PoiNtEr->: Inline-Assembly

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Monday, April 16, 2012


We can instruct the compiler to insert the code of a function into the code of its callers, to the point where actually the call is to be made. Such functions are inline functions. Sounds similar to a Macro? Indeed there are similarities.
What is the benefit of inline functions?
This method of inlining reduces the function-call overhead. And if any of the actual argument values are constant, their known values may permit simplifications at compile time so that not all of the inline function’s code needs to be included. The effect on code size is less predictable, it depends on the particular case. To declare an inline function, we’ve to use the keyword inline in its declaration.
Inline assembly is important primarily because of its ability to operate and make its output visible on C variables. Because of this capability, "asm" works as an interface between the assembly instructions and the "C" program that contains it.
Programming Languages 

There are some things to note when using inline assembler in C program, firstly, most of C compiler uses the AT&T format, not the Intel format that most people are used to. In the AT&T format, the operands are reversed. If you use a register as an operand, prefix it with % and immediate values get a $. You also have to add a suffix to the instructions to specify the size of the operands.
movl %ecx, %ebx
Notice the 'l' at the end of mov. This specifies that the instruction is working on 32 bit operands. 'w' indicates that the instruction is using 16 bit operands and 'b' for 8 bit.
So, with all that under your belt, how do you actually add it into your code? You use the asm keyword. It takes the following form.
asm("instructions" : outputs : inputs : clobber list);
You don't actually need to use the last three, but for longer code you will need them. Let's see what they do.
asm volatile("
 pushl %%eax
 movl %1, %%eax
 movl %2, %%ebx
 addl %%ebx, %%eax
 movl %%eax, %0
 popl %%eax"
 : "=g" (i)
 : "g" (j), "g" (k)
 : "bx" );
Wow. Let's go through that piece of code step by step. The actual code, as you can probably figure out, adds j and k and puts the output in i. Firstly, what's with the '%%'? If you have any inputs or outputs, then you must put %% before your register names. Next up, the input list. Who is 'g'? G simply tells the compiler to put the argument anywhere. You can then reference them in order, %0 is i, %1 is j and %2 is k. '=g' tells the compiler that it is output. We put ebx into the clobbered list because it gets clobbered.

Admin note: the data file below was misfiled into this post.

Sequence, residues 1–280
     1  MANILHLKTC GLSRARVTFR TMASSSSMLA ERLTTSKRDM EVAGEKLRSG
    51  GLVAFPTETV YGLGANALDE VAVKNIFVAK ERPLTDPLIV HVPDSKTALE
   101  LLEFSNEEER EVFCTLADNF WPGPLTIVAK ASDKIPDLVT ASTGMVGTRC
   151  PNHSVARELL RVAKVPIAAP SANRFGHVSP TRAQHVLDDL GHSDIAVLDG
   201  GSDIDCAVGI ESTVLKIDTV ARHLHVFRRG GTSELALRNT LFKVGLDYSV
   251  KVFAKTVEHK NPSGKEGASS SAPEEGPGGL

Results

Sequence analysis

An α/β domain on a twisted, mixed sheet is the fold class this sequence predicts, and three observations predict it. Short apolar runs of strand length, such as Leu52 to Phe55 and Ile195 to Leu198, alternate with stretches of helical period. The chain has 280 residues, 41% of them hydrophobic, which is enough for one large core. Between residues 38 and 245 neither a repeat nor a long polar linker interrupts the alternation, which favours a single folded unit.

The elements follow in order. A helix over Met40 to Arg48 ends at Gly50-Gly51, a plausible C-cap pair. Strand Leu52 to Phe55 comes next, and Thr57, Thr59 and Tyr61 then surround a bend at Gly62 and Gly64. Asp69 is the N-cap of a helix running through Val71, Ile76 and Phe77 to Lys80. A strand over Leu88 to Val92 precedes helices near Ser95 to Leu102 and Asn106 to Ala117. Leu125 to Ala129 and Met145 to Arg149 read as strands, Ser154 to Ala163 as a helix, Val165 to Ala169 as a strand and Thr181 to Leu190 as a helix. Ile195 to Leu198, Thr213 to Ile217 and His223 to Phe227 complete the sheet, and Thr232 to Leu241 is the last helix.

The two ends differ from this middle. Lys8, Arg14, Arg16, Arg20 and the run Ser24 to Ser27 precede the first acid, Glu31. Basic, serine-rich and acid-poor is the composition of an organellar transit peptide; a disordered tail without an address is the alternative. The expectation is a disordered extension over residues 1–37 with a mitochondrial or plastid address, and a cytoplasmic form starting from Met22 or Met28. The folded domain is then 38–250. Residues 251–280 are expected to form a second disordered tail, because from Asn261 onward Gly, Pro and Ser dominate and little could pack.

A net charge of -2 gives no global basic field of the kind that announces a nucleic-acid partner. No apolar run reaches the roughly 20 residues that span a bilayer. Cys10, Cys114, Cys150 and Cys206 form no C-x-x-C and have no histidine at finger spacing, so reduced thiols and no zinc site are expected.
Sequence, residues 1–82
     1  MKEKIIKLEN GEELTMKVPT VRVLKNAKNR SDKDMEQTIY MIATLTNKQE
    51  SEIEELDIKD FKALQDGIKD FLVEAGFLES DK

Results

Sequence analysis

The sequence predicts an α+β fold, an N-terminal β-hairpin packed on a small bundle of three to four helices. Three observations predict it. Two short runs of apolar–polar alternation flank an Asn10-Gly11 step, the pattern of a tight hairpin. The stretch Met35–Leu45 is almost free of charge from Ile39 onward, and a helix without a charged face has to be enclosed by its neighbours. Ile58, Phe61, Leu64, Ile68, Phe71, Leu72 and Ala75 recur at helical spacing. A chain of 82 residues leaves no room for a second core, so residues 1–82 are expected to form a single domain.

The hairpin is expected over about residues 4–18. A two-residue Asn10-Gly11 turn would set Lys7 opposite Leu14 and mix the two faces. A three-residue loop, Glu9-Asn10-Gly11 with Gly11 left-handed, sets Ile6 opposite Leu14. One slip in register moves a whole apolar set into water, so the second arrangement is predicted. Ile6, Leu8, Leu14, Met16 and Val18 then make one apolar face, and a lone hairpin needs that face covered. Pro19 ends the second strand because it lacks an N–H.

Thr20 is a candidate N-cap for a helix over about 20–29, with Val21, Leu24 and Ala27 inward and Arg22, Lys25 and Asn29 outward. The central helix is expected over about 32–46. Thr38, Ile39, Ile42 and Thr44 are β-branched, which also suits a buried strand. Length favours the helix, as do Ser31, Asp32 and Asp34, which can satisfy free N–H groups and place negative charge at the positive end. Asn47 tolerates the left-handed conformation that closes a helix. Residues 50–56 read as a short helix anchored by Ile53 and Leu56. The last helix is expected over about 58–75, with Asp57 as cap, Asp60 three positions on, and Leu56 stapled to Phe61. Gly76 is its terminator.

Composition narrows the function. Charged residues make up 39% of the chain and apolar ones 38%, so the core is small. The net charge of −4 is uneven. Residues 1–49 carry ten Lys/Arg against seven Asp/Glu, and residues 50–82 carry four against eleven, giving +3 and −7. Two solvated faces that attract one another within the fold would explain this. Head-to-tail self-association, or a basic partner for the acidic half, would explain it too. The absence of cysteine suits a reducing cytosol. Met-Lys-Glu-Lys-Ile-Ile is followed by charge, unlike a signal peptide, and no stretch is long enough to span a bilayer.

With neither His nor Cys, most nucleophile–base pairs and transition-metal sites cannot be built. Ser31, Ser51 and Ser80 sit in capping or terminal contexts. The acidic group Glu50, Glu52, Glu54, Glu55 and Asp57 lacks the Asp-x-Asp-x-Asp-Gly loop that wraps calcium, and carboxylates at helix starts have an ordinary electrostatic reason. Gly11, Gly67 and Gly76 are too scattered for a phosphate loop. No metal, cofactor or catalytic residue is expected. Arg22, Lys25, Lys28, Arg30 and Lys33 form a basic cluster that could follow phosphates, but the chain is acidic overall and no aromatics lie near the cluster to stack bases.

Clobber List

Some instructions clobber some hardware registers. We have to list those registers in the clobber-list, ie the field after the third ’:’ in the asm function. This is to inform gcc that we will use and modify them ourselves. So gcc will not assume that the values it loads into these registers will be valid. We shoudn’t list the input and output registers in this list. Because, gcc knows that "asm" uses them (because they are specified explicitly as constraints). If the instructions use any other registers, implicitly or explicitly (and the registers are not present either in input or in the output constraint list), then those registers have to be specified in the clobbered list.

Volatile ...?

If you are familiar with kernel sources or some beautiful code like that, you must have seen many functions declared as volatile or __volatile__ which follows an asm or __asm__. I mentioned earlier about the keywords asm and __asm__. So what is this volatile?
If our assembly statement must execute where we put it, (i.e. must not be moved out of a loop as an optimization), put the keyword volatile after asm and before the ()’s. So to keep it from moving, deleting and all, we declare it as
asm volatile ( ... : ... : ... : ...);
Use __volatile__ when we have to be verymuch careful.
If our assembly is just for doing some calculations and doesn’t have any side effects, it’s better not to use the keyword volatile. Avoiding it helps gcc in optimizing the code and making it more beautiful.

Example C Program:

//make value of b equal to value of a
int main(int argc,char *argv)
 int a=10, b;
asm volatile("movl %1, %%eax;movl %%eax, %0;":"=r"(b):"r"(a) :"%eax" );       

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